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Mechanical unloading and cell therapy have a synergistic role in the recovery and regeneration of the failing heart

European Journal of Cardio-Thoracic Surgery 42 (2012) doi: /ejcts/ezs067 Advance Access publication 29 February 2012 REVIEW Mechanical unloading and cell therapy have a synergistic role in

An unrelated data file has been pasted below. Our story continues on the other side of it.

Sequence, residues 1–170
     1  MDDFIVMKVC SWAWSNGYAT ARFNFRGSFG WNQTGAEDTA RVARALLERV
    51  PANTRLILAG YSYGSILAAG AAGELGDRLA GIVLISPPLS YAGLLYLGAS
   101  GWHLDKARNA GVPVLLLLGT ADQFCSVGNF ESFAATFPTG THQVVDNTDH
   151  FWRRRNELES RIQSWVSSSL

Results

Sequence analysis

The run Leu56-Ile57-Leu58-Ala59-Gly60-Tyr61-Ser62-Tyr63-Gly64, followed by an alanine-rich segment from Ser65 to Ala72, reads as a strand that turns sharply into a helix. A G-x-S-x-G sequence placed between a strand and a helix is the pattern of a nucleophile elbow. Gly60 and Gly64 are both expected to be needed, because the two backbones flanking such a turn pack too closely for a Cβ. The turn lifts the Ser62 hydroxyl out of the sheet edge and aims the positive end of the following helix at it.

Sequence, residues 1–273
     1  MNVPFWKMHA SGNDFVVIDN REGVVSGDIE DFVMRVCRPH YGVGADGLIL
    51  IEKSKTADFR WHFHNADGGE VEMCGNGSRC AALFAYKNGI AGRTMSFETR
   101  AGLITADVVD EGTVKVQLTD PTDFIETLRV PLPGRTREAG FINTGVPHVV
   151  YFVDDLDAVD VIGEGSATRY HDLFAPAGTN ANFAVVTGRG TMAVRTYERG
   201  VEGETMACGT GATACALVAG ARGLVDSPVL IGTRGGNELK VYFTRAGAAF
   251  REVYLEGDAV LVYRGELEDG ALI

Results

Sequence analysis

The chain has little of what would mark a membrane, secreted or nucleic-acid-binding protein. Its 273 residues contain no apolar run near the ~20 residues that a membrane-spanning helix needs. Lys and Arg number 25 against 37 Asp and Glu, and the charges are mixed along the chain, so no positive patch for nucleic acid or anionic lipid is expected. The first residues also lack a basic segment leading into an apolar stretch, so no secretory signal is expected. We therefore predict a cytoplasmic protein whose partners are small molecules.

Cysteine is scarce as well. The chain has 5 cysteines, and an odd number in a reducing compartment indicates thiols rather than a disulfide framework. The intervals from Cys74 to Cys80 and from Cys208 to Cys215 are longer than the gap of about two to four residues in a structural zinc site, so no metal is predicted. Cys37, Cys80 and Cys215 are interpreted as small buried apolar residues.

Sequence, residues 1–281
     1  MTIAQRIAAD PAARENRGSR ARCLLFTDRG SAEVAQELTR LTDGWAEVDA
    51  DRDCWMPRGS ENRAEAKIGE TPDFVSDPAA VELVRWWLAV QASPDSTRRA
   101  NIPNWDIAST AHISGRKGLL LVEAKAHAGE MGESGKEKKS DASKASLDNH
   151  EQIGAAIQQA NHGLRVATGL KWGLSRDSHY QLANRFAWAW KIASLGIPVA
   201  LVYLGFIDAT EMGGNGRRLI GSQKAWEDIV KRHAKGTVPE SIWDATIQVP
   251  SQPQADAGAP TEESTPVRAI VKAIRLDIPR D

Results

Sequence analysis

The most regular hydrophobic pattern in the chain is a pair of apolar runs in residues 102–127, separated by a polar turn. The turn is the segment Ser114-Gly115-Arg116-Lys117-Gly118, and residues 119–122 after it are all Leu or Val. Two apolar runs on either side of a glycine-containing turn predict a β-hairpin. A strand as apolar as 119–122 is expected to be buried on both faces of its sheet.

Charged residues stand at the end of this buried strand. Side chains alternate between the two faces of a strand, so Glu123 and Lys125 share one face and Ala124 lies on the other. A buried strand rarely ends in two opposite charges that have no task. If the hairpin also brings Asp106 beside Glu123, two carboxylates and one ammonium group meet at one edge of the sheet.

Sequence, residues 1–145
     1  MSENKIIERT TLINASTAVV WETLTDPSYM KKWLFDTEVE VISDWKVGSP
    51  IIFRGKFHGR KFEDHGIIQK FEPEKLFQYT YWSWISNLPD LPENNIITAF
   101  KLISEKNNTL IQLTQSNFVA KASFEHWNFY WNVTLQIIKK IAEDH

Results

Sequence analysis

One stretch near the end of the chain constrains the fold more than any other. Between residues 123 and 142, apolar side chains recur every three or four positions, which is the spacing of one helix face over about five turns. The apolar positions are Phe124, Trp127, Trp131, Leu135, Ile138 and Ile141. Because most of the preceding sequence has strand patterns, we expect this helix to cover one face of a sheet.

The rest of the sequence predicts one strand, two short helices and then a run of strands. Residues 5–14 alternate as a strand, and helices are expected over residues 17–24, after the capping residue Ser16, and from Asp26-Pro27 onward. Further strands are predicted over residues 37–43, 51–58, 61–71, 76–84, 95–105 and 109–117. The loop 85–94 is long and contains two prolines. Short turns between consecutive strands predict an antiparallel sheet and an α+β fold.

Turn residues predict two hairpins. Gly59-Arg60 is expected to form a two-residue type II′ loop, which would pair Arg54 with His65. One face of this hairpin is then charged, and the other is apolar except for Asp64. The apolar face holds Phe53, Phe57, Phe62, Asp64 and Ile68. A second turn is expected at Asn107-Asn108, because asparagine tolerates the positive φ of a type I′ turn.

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European Journal of Cardio-Thoracic Surgery 42 (2012) doi: /ejcts/ezs067 Advance Access publication 29 February 2012 REVIEW Mechanical unloading and cell therapy have a synergistic role in the recovery and regeneration of the failing heart Michael Ibrahim a, Christopher Rao a,b, Thanos Athanasiou b, Magdi H. Yacoub a and Cesare M. Terracciano a, * a b National Heart and Lung Institute, Imperial College London, Heart Science Centre, Harefield Hospital, London, UK Department of Surgery and Cancer, Imperial College London, St Mary s Hospital, London, UK * Corresponding author. Harefield Heart Science Centre, Imperial College London, London UB9 6JH, UK. Tel: ; fax: ; (C.M. Terracciano). Received 22 August 2011; received in revised form 10 January 2012; accepted 19 January 2012 Summary The problem of a growing patient population with end-stage heart failure and a fixed cardiac donor pool has stimulated the development of novel therapies for heart failure. Two therapeutic strategies have emerged with the potential to improve the landscape of the clinical management of heart failure. First, left ventricular assist device therapy is able to sustain the circulation of patients in end-stage heart failure and may promote cardiac recovery. Secondly, stem cell therapy can potentially be used to induce myocardial regeneration replacing lost or non-functioning native myocardium. In this review, we present evidence that these strategies may overlap significantly in their mechanisms of action at the systems, organ, tissue and cellular levels. We review the current clinical evidence of their combined use. Keywords: Heart failure Heart-assist devices Stem cells Cell therapy Recovery of function Regeneration INTRODUCTION Heart failure is the consequence of pathological remodelling of the myocardium after damage due to any cause, and is defined by a cardiac output insufficient to meet the demands of the metabolizing tissues [1]. Heart failure has an estimated prevalence of 3% in the population and an incidence of 1% [2]. End-stage heart failure is associated with up to 50% mortality at 1 year after diagnosis [3]. The gold standard option for patients with end-stage disease is cardiac transplantation [4]. However, this strategy is limited by a shortage of suitable donor hearts, the problems of immunological rejection and the attendant need for lifelong immunosuppression. Consequently, there is a need to revisit our understanding of the physiology of the heart s adaptive and maladaptive mechanisms and develop novel therapeutic strategies. There are two essential problems in the failing heart: the consequences of the initial injury (loss of myocardium and loss of myocardial function) and the chronic damage due to persistent overload, which is self-maintained (Fig. 1). Although the initial insult may predominantly result in either a loss of cell number (e.g. after myocardial infarction) or function (e.g. after aortic stenosis, familial cardiomyopathy), the pathogenesis of end-stage heart failure implicates both processes. The ideal therapeutic approach consists of removal of the causative insult and restoration of cell number. This review argues that left ventricular assist devices [LVAD] and stem cell therapy [SCT] have synergistic properties based on shared mechanistic actions (Table 1). This is broadly because (i) both cell and LVAD therapy are able to influence cellular function and number; and (ii) LVAD therapy may enhance the efficacy of cell therapy by promoting favourable conditions for engraftment of cells. Despite some clinical use of combined SCT and LVAD therapy, the hypothesis that these two approaches have a synergistic role has not been tested rigorously, but there is some evidence that experimental cell transplantation (of syngeneic smooth muscle cells) may improve the cardiac reverse remodelling after unloading is ceased (in a model of LVAD removal) [5]. We discuss shared actions at the systems, organ, tissue and cell and molecular levels. We critically analyse the current clinical experience of the combined use of LVADs and SCT. STEM CELL THERAPY AND LEFT VENTRICULAR ASSIST DEVICE THERAPY AT THE SYSTEMS LEVEL The neurohormonal regulation of the cardiovascular system underlies its ability to adapt to changes in demand, and also plays a role under disease conditions. LVADs and SCT individually modulate neurohormonal activation and may have combinatorial benefits. Normalization of the neurohormonal milieu by LVAD therapy may promote the conditions for cell engraftment, which could enhance the effects of SCT. LVAD therapy reduces plasma catecholamine levels as well as blunting the activation of the renin angiotensin aldosterone system [6]. Atrial and B-type natriuretic peptide [BNP] plasma levels are reduced as a function of the reduction in cardiac load [7]. LVAD therapy normalizes the beta-adrenergic system, The Author Published by Oxford University Press on behalf of the European Association for Cardio-Thoracic Surgery. All rights reserved. M. Ibrahim et al. / European Journal of Cardio-Thoracic Surgery 313 Figure 1: Schematic representation of the physiological approach to cellular recovery in heart failure. This scheme shows that SCT and LVAD therapy may have shared levels of action. Myocardial injury results in depressed cell function and/or cell number. Both of these increase myocardial overload, which further depresses cell number/function. Cell therapy can increase cell number, but also influences cell function. Likewise, LVADs improve cell function, but may also promote regeneration. Table 1: Summary of changes after LVAD or SCT Changes after LVAD therapy or SCT LVAD SCT Decreased neurohormones [6] [13] Decreased cytokines [7] Decreased apoptosis [50] [51] Decreased whole heart dimensions [10] [18] Improves LV geometry and CO [10, 21] [18] Reduces cell size [27] Normalizes beta-adrenergic pathways [12] Alters collagen pattern [or fibrosis, varied reports] [16] [19] Normalization of the cytoskeleton [52] Improved cellular Ca 2+ handling Fig. 2 [31] the important pro-inflammatory cytokine TNF-α [8], and interleukins 6 and 8 [9 12]. Animal studies suggest that SCT can improve neurohormonal activation in heart failure [13]. In a model of overload-induced right heart failure, the introduction of either human amniotic fluid stem cells or rat adipose tissue stromal vascular fraction GFP-positive cells reduced BNP levels and pro-inflammatory cytokines including TNF-α, which may be responsible for the reduced apoptosis observed. SCT, in this case, also increased anti-inflammatory cytokines, which may then produce beneficial paracrine changes promoting cell engraftment. These changes, apart from promoting cell engraftment, may also independently enhance myocardial reverse remodelling. The shared mechanism of modulation of neurohormonal and cytokine messengers suggests the possibility that combined use may by synergistic. In this way, LVAD-induced neurohormonal modulation improves cell engraftment which further improves neurohormonal reverse remodelling and enhances myocardial functional improvements. STEM CELL THERAPY AND LEFT VENTRICULAR ASSIST DEVICE THERAPY AT THE MYOCARDIAL LEVEL Anatomic changes Both LVAD therapy and SCT can induce ventricular reverse remodelling, with diminution of the pathologically enlarged ventricles. LVAD therapy induces reductions in LV dimensions and normalizes ventricular morphology [10]. Other structural changes occur during LVAD support, including changes to the degree and pattern of collagen deposition. Some investigators report increased myocardial fibrosis during mechanical unloading [14], and others report a reduction [15]. Bruggink et al. [16] demonstrated a biphasic change in collagen content in the myocardium with initial expansion of ECM and then a subsequent regression with prolonged unloading. Data from in vivo and in vitro experiments suggest that cell therapy with mesenchymal stem cells may have beneficial effects on the survival of existing myocardium, promote neovascularization and modulate remodelling of the extracellular matrix [17]. Nelson et al. [18] showed that the introduction of induced pluripotent stem cells [ipsc] in a murine post-myocardial infarction model prevented the dilation of the ventricle, compared to injection of control cells. In addition, a recent clinical study using cardiac stem cells [CSCs] in patients with ischaemic cardiomyopathy shows that SCT can also reduce infarct size [19]. Functional changes in whole heart function LVAD therapy has a complex effect on whole heart contractility, but most trials show improvements in native cardiac function and composite survival endpoints compared to patients TX & MCS 314 M. Ibrahim et al. / European Journal of Cardio-Thoracic Surgery Figure 2: Changes in excitation contraction coupling and after LVAD support. The figure shows a schematic of the cell membrane zone which is essential for the coupling of the electric depolarization of the cell surface and the internal stores of calcium which trigger contraction. Around this membrane zone, termed the transverse-tubule, are a number of important ion channels and structures which are essential for contraction. This system undergoes a number of changes after LVAD therapy which partially normalize it. managed with best medical therapy, as well as improved outcomes for patients who later undergo cardiac transplantation [4]. These can be defined by the indication for LVAD therapy. There are three indications for LVAD implantation; (i) destination therapy where an LVAD is implanted for permanent circulatory support; bridge to transplantation, (ii) where the LVAD is indicated for circulatory support until cardiac transplantation, and (iii) bridge to recovery [BTR], where an LVAD is implanted with the aim of weaning from circulatory assistance as heart failure remission is achieved. BTR results in explantation of the device without recurring to cardiac transplantation. It is in the context of BTR that functional improvements are most relevant. BTR is observed in a low proportion of patients in most series [20]. Functional improvements in the context of LVAD support could be time-dependent, with maximal gains initially and regression of functional improvements over time [21]. This suggests that the combination with other therapies could enhance cardiac recovery. Cell therapy with mesenchymal stem cells has beneficial effects on the survival of existing myocardium, promotes neovascularization, improves cellular metabolism and contractile function, modulates remodelling of the extracellular matrix and activates native progenitor cells [22]. Encouraging data on global cardiac function have usually come from relatively short 4- to 8-week [23, 24]. However, until recently, assessment of cardiac function beyond 12 weeks does has not demonstrated any significant functional improvement [25]. It has been suggested that the improvement observed with hesc-derived cardiomyocytes is due to paracrine action and this effect of cell therapy is diminished at this stage. It has also been suggested that the failure of hesc-derived grafts, which often remain encapsulated in a thin layer of extracellular matrix components, to fully integrate into the host myocardium may also explain the absence of long-term functional benefit [25]. Injection of ipsc also improves myocardial function, with an approximate doubling of the ejection fraction 4 weeks after myocardial infarction [18]. In a recent clinical study, Bolli et al. [19] showed that the injection of autologous CSCs after surgical revascularization results in sustained improvements in myocardial function, with augmented improvements 1 year after SCT. This exciting study shows that with the identification of SCTs with truly proliferative potential, we are likely to see more robust clinical improvements. STEM CELL THERAPY AND LEFT VENTRICULAR ASSIST DEVICE THERAPY AT THE TISSUE ELECTROPHYSIOLOGICAL LEVEL Heart failure is associated with whole heart electrophysiological remodelling, with changes to the electrocardiogram, including QT prolongation, and an increase in arrhythmias. The effect of LVAD therapy on arrhythmias is unclear and warrants further studies [26]. The presence of an LVAD means that ventricular arrhythmias do not immediately threaten end organ perfusion, but right heart failure can result in failure to fill the left ventricle and important right-sided symptoms. A change in the burden of arrhythmias during LVAD support could arise due to changes in fibrosis patterns and amount, changes in ion channel expression or as a result of the activity of mechano-electric feedback channels. M. Ibrahim et al. / European Journal of Cardio-Thoracic Surgery 315 There are two mechanisms by which SCT may impact tissue electrophysiology. Primary effects may arise due to paracrine signals which normalize or homogenize tissue electric conduction. Secondary effects may arise due to SCT-induced reverse remodelling by either neovascularization or restoration of normal cardiomyocyte populations. Nelson et al. [18] showed that the QT interval prolongation, which is a part of the myocardial infarction-related pathological remodelling, was partially halted by ipsc therapy, whereas injected fibroblasts did not. CELLULAR CHANGES AFTER LEFT VENTRICULAR ASSIST DEVICE AND STEM CELL THERAPY The major change in cellular properties after mechanical unloading is a large reduction in cell size, which has been documented in clinical studies of mechanical unloading [27] and in animal models [28]. The relationship between changes in cell size and function is complex. Increases in cell size are not always associated with dysfunction [29] and regression of cell size does not correlate with functional improvements clinically [27]. Additionally, large reductions in cell size are sometimes associated with dysfunction [30]. The cellular mechanisms which link membrane electric excitation with cellular contraction undergo major remodelling under conditions of chronic overload and heart failure as well as in the reverse remodelling observed after mechanical unloading (Fig. 2). Using ventricular tissue taken from patients pre- and post-lvad therapy, we demonstrated that patients who show the phenomenon of cardiac recovery during LVAD therapy develop a pattern of specific cellular electrophysiological reverse remodelling which is associated with significant improvements in cardiac function [27]. Importantly, they indicate that the electrophysiological features of heart failure are not irreversible. We have shown that skeletal myoblasts and bone marrowderived cell injection in failing myocardium alters the functional properties of the recipient cardiac myocytes, reducing cell hypertrophy and normalizing many features of cell Ca 2+ cycling [31]. This recovery of function can be explained, at least in part, by the secretion of soluble mediators ( paracrine factors) that affect cardiac myocyte function, mirroring the effects of LVAD therapy. MECHANICAL UNLOADING AND CELL THERAPY FOR REGENERATION Mechanical unloading per se may stimulate the normally senescent cell cycle of adult cardiomyocytes. It was recently reported that LVAD therapy alters DNA content and increases cell nucleus number, a prerequisite to cell division [32]. A previous study reported decreased cardiomyocyte nuclear size and chromatin density after LVAD therapy [33]. LVADs may also increase the number of circulating bone marrow progenitor cells which could partly explain the functional improvements after LVAD and also indicates that LVADs may promote cardiac regeneration [34]. Suzuki et al. [35] reported that an animal model of mechanical unloading increased the number of stem cells in the myocardium, including Sca-1-positive stem cells and c-kit-positive cells. Furthermore, LVAD therapy acts as a platform for SCT [36]. Several investigators have highlighted the importance of the harsh neurohumoral milleau of the failing heart as a barrier to TX & MCS Figure 3: Physiological mechanisms of cardiac repair using LVAD and SCT. The mechanisms by which LVAD and SCT enhance cardiac function occur at the systems, organ, tissue and cellular levels. Many mechanisms are shared, and may have synergistic benefit when combined. The improvement in cardiac function following SCT arises due to both paracrine mechanisms (which aid rejuvenatation, cardioprotection and functional restoration) as well as direct cellular mechanisms mediating regeneration. 316 M. Ibrahim et al. / European Journal of Cardio-Thoracic Surgery Table 2: Current experience with combined LVAD and SCT Study Study type Cell type Clinical outcome Structural finding Functional finding Comment Shows LVAD and SCT combination is feasible Persistence of grafted cells in scarred myocardium 6 patients, 4 underwent heart TX, 3 patients died Dib et al. [53] Phase I Skeletal myoblast, , concomitant LVAD Shows LVAD and SCT combination is feasible, with survival of the graft Ischaemic patients. 5 patients, 1 death, three Tx, Cell survival and differentiation in scar. 1 destination New vessel formation 2 patients, autologous BMNCs Thallium scintigraphy improved blood flow Pagani et al. [54] Phase I Skeletal myoblast, , concomitant LVAD Case series Autologous bone marrow stem cells, concomitant LVAD Anastasiadis and Antonitsis [55] Although lacking a control, these cases provide support to the notion of combinatorial effect as the improvements were documented on a baseline of LVAD support values Reduced fibrosis, new vessel formation. Reduced BNP, increased off-lvad EF 1 patient, SCT 3 month post-lvad. Died of sepsis on day 466 Case report Autologous bone marrow [ ] and skeletal cells [ ] after LVAD Miyagawa et al. [56] EF improved from 6.4 to 40% Thickening of wall, and thallium scintigraphy showed increased perfusion, 1 month after SCT Gojo et al. [57] Case report BMNCs after LVAD 1 patient, on LVAD for 99 days and underwent SCT. LVAD explanted 43 days after implantation Concluded that concomitant LVAD/ SCT did not improve the rate of LVAD explantation 10 patients, 2 deaths. 1 explantation Improved function in one patient Nasseri et al. [43] Case series BMNCs and concomitant LVAD cell division and the establishment and regeneration of cells introduced during cell therapy [37]. As LVAD therapy improves the neurohumoral environment, reduces myocardial inflammation, reduces myocardial load and improves coronary blood flow [38], it may be the ideal environment in which cells can establish themselves. Clearly, further trials are needed to test the clinical relevance of the beneficial changes induced by LVADs in enhancing stem cell uptake. There are two major questions in this regard, including the temporal relationship between LVAD implantation and SCT [discussed later], and the cell population used. An area of significant interest is the use of terminally differentiated adult somatic cells [such as fibroblasts] reprogrammed to an embryonic-like state termed ipscs which can be patient specific [17]. Injection of ipsc into ischaemic and non-ischaemic animal models of cardiomyopathy has reported integration of ipsc-derived cardiomyocytes into the host myocardium with promising improvements in many aspects of global cardiac physiology, discussed above [18]. Perhaps, the most promising cell population is that of native CSCs, which have a high proliferative potential [39]. C-kit-positive CSCs can be readily isolated using the cardiosphere technique [40]. Initial functional characterization suggests that they can differentiate into cardiomyocytes, functionally integrate into host myocardium and deliver functional improvements [41]. As with hesc, it is likely that paracrine mechanisms make a significant contribution to their efficacy [41], exerting their effects through functional recovery of the surviving recipient myocardium. This population of cells, however, has been efficiently extract